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Wednesday 18 July 2018
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Music is music

Brown Bag Series is on

Members of the National Philharmonic Orchestra perform at the National Library, Abercromby Street, Port of Spain.

ROBERT SCHUMANN’S Symphony No. 3 vibrated through Port of Spain. It signalled the start of not only the National Philharmonic Orchestra’s performance but also the start of this year’s Brown Bag Series. The first in the series began on June 12 at the National Library and Information Systems Authority, corner Abercromby and Hart Streets, Port of Spain.

The series–which runs throughout June–will feature performances by the National Performing Arts Entities. The philharmonic orchestra along with the National Theatre Arts Company and the National Steel Symphony Orchestra make up the National Performing Arts Entities.

As the orchestra played from 12 pm to 1 pm curious passers-by wondered what was happening. The orchestra played eight pieces including arrangements of David Rudder’s Dedication and Brother Valentino’s Stay Up Zimbabwe.

Dr Nyan Gadsby-Dolly, Minister of Community Development, Culture and the Arts attended the National Philharmonic Orchestra’s concert on Tuesday.

Minister of Culture, Community Development and the Arts Dr Nyan Gadsby-Dolly lends support to the National Philharmonic Orchestra at the launch of the Brown Bag lunchtime show last Tuesday at the National Library in Port of Spain.

Speaking to Newsday about the lunchtime concert, she said, “The Brown Bag Series is a series that has been going on for at least five years. It is headlined by the national performing entities which would involve the Philharmonic that is here today; the Theatre Arts Company and the National Steel Symphony Orchestra. These are actually employees of the ministry. The Philharmonic are the only part-time employees. Therefore, all of the others are employees of the ministry and what we do through this series is a give-back to the national community.”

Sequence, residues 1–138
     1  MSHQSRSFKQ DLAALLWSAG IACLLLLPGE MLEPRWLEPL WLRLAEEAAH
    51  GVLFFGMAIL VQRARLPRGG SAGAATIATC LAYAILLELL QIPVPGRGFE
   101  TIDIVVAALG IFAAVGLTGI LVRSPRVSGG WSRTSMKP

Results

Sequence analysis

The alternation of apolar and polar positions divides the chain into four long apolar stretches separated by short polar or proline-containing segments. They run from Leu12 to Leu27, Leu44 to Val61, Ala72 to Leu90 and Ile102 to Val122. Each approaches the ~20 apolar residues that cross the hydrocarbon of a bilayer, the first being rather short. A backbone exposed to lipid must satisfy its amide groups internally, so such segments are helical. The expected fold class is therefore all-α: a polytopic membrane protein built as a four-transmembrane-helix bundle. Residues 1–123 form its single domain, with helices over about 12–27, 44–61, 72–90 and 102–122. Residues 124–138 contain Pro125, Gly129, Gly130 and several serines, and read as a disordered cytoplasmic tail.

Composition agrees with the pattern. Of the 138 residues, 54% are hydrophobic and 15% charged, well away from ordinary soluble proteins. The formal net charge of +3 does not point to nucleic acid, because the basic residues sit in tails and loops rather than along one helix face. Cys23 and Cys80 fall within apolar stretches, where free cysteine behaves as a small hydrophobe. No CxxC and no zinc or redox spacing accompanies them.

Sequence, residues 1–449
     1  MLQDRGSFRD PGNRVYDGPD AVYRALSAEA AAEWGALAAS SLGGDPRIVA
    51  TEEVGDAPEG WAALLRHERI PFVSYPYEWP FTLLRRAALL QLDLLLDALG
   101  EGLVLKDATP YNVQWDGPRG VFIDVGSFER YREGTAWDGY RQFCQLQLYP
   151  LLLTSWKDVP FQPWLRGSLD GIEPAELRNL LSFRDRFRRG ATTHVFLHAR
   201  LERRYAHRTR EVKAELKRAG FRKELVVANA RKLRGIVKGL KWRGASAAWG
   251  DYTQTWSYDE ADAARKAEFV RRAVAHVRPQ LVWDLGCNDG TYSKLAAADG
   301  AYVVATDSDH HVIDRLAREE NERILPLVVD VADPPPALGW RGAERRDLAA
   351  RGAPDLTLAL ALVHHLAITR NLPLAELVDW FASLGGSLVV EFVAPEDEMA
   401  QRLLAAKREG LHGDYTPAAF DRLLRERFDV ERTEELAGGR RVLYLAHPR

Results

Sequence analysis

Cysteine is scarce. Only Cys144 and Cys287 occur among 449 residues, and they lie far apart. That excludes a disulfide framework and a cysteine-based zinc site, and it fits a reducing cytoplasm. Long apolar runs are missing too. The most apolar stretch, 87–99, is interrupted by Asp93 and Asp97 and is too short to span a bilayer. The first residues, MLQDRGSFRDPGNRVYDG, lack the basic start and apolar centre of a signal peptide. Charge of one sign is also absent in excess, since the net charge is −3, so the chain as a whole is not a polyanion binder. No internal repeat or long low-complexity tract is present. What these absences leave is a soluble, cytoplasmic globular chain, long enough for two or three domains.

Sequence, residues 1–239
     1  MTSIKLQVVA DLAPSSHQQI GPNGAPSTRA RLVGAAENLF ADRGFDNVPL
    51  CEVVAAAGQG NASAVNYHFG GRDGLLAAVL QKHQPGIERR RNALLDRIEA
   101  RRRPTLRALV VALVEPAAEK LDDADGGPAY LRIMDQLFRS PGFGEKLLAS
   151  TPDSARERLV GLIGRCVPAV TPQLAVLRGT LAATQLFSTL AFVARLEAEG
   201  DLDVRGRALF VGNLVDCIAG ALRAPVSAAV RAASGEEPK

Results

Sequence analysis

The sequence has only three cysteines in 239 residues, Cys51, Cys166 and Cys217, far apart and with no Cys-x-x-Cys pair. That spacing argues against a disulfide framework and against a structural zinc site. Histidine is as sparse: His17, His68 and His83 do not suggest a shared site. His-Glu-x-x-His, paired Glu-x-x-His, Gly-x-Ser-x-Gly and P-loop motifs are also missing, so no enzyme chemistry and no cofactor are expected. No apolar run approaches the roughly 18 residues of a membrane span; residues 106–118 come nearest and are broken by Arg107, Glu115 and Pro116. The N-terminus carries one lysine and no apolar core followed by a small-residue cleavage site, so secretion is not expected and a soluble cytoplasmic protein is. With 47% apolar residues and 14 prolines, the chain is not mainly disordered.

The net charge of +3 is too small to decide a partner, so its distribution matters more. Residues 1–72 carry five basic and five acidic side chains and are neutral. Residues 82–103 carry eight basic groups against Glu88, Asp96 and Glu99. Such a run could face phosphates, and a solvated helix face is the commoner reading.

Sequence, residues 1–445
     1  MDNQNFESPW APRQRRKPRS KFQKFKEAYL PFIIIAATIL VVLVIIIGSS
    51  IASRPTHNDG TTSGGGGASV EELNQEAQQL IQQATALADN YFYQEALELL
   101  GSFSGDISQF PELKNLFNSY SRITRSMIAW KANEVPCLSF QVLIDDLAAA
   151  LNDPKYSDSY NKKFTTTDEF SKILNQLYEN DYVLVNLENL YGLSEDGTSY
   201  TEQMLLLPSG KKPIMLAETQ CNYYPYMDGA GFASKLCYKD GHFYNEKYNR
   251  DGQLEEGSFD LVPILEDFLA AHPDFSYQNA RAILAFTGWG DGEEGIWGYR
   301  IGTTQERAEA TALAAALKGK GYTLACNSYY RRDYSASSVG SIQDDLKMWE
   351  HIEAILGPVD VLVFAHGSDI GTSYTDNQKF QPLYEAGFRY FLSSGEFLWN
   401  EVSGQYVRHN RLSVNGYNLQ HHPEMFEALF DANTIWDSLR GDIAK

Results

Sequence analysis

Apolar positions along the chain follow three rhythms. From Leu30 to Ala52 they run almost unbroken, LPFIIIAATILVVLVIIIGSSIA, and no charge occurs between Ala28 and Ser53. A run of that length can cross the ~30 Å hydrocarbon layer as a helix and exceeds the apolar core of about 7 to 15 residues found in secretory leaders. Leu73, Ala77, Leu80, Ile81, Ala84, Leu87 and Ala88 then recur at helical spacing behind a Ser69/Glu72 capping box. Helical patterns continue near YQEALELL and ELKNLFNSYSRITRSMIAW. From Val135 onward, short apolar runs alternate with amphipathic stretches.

Gadbsy-Dolly said the entities also have other productions that people can attend for free. She said while the series’ intent is to showcase the work of its employees it also seeks to demonstrate to youth that there could be a career in music.

“If you look at the composition of this group and the other groups, you will see mainly young people. We want to ensure that the young people see there is an opportunity for them to be musicians and really immerse themselves in that even if for a short time.”

Learning Living Institute students came to support a parent, Narida Herbert Nora and teacher Wasia Ward, who both play in the National Philharmonic Orchestra.

Dr Roger J Henry, the Philharmonic orchestra’s conductor when asked about the series said, “Our mission is to find a voice for music that is created, performed, produced here in Trinidad and Tobago for these instruments.”

He added that many people in TT assume that the only kind of music you can play on an orchestra is European, Western Classical music. The orchestra, he added, has tried to change that. “Music is music. Instruments are instruments. And if there is no local music for orchestra being played, it is because it has not been composed,” Henry said.

“We are in the business of composing and producing music for our voice here in Trinidad and Tobago. That does not mean we are not going to play a bunch a music that has already been composed for this instrument. We are going to do that but we are also going to do new music,” he said.

The Brown Bag Series continues on June 20 and 21 with the National Theatre Arts Company directed by Belinda Barnes. Then it closes on June 26 and 28 with the National Steel Symphony Orchestra conducted by Akua Leith.

 

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